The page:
when the squash and garlic were starting to take on a bit of color, i added a few ladles from the stockpot through a strainer to just cover the squash.

when the squash and garlic were quite soft, i used a hand blender to puree, then added a little half and half, grating of fresh nutmeg, salt, and pepper. often when i make this kind of simple vegetable soup, i also add some chile pepper flakes. i have a sea salt grinder that is full of coarse sea salt and red chile flakes that i use to season food at the table; my daughter does not always like the spicy flavors.

i served it with a pistou, as i often do with soups. it’s similar to pesto, but without nuts or cheese. it’s great with white bean soups as well as winter squash soups. to make the pistou, chop italian flat- leaf parsley, coarse sea salt, and a fresh garlic clove on a cutting board. when it’s quite fine, add some olive oil and continue to chop until it’s nearly a paste. you can do this in a food processor or blender if you like, as you do pesto, but i like the inconsistent texture that chopping it on the board creates.

serve the pistou in, or beside the soup. i suggest serving it on the side for guests, as the raw garlic can be borderline offensive for those not in love with it’s sting.

Read Full Post »

don’t make this; it takes too long and makes too many dirty dishes.
but if you’re hell- bent…

PASTA

i wanted to use saffron in the pasta, but the saffron i had was kind of old and didn’t really soften properly. i still used the water and it gave it a little tint of color.

you can make the pasta in a food processor, or by hand. i use my cuisinart; it’s just so easy. put 2 cups of flour in the bowl and a little salt. you can also add herbs and spices,
i used some black pepper, smoked salt, and a little chile powder. combine the dry ingredients, then add 2 beaten eggs. pulse to combine.  i find that the regular blade works better than the dough blade, which leaves the dry ingredients around the edge. add about 2 T of water, a little at a time, until the dough comes together. add a little more if necessary. the relative humidity in the air and moisture in the flour are variables. it should be firm and smooth, but not sticky or soggy. run the food processor for a minute after the dough forms a ball. take out dough and knead until its smooth.
put in a sealed container, bowl, or plastic bag and let it rest.

FILLING

i sauteed four cloves of pressed garlic and one large shallot. you can make the ratio of greens to garlic and shallots whatever is to your taste. add about 4 cups of finely chopped greens. i used a mix of turnip, collard, and mustard greens. remove the stems and ribs before you chop. saute until the greens are quite soft .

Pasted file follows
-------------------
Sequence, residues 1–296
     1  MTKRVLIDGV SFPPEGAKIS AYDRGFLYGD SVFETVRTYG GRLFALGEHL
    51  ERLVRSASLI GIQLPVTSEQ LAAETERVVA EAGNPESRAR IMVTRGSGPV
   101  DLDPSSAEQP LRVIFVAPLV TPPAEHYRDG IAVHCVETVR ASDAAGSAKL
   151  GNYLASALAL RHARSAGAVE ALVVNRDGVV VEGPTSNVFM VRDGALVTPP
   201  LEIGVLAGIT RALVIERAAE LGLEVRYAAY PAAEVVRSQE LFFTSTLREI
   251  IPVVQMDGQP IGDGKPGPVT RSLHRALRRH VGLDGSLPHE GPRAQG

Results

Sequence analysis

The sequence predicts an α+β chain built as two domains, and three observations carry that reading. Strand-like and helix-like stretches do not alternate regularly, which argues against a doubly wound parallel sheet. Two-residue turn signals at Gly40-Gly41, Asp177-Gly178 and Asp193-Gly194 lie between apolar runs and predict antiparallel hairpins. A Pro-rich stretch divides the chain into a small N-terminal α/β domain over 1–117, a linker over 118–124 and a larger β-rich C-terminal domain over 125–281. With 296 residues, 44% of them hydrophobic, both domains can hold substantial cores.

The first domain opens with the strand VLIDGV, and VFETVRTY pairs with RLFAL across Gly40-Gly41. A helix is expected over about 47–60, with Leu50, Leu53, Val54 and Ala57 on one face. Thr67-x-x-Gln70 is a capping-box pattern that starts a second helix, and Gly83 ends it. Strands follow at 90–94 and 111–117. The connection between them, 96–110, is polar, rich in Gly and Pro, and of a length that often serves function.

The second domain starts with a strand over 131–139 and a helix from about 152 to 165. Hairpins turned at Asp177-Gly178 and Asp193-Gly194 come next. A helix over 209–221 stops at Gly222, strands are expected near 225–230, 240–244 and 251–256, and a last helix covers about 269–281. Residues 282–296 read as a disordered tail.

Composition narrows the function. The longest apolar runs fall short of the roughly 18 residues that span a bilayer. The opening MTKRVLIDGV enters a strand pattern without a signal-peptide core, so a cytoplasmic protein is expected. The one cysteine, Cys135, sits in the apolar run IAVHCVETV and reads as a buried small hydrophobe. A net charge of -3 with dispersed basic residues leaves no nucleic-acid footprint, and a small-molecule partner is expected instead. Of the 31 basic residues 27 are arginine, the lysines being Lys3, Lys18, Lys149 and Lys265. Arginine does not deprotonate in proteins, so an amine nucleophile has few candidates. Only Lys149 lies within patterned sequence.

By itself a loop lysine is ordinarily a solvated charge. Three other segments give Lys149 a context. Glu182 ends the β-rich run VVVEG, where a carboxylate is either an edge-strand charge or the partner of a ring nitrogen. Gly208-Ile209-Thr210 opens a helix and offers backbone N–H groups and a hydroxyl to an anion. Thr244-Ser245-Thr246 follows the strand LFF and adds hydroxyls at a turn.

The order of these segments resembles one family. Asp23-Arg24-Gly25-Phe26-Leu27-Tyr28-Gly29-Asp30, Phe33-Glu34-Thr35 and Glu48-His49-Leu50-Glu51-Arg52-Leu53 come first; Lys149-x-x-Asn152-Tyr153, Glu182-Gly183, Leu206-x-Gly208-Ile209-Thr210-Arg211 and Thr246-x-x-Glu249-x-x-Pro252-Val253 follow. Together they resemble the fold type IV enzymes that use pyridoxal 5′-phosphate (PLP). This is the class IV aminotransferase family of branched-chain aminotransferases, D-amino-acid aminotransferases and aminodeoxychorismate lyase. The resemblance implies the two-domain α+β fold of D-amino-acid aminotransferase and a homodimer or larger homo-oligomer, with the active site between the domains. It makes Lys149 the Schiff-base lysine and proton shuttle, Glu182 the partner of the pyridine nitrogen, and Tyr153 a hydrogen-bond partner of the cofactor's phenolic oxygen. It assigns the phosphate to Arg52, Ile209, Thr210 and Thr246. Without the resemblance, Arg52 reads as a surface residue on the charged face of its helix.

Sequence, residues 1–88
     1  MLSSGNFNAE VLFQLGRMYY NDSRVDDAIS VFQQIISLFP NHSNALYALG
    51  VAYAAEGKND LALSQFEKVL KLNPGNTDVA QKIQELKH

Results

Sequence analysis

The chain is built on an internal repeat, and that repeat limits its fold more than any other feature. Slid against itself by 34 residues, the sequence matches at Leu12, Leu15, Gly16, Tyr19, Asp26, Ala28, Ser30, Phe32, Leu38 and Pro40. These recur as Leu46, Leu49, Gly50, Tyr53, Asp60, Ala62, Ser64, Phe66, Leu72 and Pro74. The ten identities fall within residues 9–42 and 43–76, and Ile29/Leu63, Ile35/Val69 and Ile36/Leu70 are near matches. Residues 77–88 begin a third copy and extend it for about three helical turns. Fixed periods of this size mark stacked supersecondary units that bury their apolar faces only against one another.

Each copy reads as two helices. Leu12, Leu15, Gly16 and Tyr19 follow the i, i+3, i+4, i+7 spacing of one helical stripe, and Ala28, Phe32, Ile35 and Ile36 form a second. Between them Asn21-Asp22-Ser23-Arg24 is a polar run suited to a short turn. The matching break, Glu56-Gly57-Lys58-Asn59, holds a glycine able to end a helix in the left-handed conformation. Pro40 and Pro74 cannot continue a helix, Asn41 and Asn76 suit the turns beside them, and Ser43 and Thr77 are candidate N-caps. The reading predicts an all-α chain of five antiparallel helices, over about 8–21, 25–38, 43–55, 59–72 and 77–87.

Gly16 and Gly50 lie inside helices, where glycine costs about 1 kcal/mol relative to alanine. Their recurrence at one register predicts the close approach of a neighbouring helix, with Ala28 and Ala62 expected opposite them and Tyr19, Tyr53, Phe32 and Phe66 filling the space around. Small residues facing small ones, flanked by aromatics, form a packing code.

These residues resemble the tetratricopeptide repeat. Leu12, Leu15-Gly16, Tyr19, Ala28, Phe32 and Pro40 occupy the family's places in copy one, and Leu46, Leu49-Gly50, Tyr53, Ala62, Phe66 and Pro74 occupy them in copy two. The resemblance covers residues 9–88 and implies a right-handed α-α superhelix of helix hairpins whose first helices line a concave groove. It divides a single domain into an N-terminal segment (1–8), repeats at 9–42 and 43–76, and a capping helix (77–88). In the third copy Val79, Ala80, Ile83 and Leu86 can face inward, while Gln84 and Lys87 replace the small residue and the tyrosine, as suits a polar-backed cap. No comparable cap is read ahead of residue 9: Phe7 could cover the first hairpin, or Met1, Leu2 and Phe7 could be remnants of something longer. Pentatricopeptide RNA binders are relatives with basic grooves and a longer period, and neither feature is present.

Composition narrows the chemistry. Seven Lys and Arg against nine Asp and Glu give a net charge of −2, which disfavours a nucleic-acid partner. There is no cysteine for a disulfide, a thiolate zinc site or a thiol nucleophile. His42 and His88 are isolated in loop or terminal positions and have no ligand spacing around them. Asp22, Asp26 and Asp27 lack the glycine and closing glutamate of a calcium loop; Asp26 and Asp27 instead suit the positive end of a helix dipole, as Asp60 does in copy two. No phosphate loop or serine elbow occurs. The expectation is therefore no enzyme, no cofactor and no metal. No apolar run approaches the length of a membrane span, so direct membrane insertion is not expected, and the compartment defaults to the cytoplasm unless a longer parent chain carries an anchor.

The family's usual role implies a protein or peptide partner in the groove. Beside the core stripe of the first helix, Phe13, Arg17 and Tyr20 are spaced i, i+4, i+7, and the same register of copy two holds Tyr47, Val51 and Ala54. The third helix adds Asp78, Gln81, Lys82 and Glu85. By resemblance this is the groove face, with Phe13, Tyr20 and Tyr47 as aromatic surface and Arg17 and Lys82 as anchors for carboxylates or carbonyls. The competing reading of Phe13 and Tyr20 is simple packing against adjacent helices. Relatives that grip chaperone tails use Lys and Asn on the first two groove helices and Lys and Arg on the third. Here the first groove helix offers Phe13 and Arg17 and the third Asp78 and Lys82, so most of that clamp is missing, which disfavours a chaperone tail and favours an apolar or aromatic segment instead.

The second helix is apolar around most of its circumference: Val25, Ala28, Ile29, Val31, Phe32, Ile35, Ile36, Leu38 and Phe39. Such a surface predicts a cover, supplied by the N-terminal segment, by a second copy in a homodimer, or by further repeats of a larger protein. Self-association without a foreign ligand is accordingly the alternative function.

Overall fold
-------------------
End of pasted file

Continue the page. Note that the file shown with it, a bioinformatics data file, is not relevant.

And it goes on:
let the greens cool slightly. season with salt and pepper and some freshly ground nutmeg. add some chopped chicken or turkey [or whatever you like… italian sausage?]. beat one egg and put about half into the greens and reserve the other half for sealing the ravioli. add about 1 teaspoon of flour.

divide the dough into about 6 pieces, and roll out into thin strips; i ended on the “5”.
if your dough is a little soft at this point, dust with a little flour so it will not tear or stick going through the pasta roller. you can also roll it by hand if you’re a sadist. try to pair the strips to those that are similar to one another. brush the egg wash along the edges, and where you will be sealing and cutting between each ravioli. make small spoons full of the filling in the areas you have indicated with the egg wash. add a few chunks of stilton cheese. you can also add bacon, pancetta, whatever you like. carefully place the matched sheet of pasta over the one with the filling on it, pushing out the air as you go. i’m really not so good at this part. take your pasta cutter or a knife and cut around pasta to shape ravioli.

to make the croutons, slice a stale piece of baguette into matchsticks. toss in a pan with olive oil and toast in a pan until dry and crunchy. salt lightly.

boil the ravioli in salted water for a few minutes, until the center is cooked. if you have trapped air in the ravioli, hold them down in the water with a slotted spoon, or stab them gently with a knife after a minute and push the air out against the side of the pan.

i served ravioli in broth with the croutons, chopped italian flat- leaf parsley and some chopped green, ripe olives.

Read Full Post »

Older Posts »